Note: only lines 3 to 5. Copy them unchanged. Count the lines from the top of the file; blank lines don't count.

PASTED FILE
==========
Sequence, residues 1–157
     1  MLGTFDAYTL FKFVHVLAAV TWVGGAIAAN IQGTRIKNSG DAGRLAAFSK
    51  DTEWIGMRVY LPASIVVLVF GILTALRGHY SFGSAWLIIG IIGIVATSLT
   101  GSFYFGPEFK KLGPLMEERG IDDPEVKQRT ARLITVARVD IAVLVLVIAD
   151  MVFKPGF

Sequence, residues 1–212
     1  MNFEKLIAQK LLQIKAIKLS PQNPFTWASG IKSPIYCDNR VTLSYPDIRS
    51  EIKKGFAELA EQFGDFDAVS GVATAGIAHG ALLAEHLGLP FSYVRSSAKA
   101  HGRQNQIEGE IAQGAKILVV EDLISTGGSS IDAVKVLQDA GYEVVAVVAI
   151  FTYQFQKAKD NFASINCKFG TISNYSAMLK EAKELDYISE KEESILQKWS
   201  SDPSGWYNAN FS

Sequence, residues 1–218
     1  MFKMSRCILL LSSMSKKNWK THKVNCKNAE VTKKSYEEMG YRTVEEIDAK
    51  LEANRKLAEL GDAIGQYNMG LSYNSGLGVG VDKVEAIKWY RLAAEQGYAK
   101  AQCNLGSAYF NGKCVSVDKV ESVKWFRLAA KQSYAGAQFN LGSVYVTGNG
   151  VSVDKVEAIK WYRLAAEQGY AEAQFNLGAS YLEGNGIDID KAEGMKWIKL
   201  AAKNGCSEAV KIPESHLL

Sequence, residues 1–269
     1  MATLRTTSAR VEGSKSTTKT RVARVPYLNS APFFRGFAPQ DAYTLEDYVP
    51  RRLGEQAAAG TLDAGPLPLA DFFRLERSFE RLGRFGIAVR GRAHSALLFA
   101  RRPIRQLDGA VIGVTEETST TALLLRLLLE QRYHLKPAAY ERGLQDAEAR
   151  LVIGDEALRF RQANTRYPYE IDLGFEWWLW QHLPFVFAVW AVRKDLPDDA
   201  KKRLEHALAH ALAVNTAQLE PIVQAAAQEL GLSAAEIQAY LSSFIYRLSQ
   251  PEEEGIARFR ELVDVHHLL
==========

    51  DTEWIGMRVY LPASIVVLVF GILTALRGHY SFGSAWLIIG IIGIVATSLT
   101  GSFYFGPEFK KLGPLMEERG IDDPEVKQRT ARLITVARVD IAVLVLVIAD
   151  MVFKPGF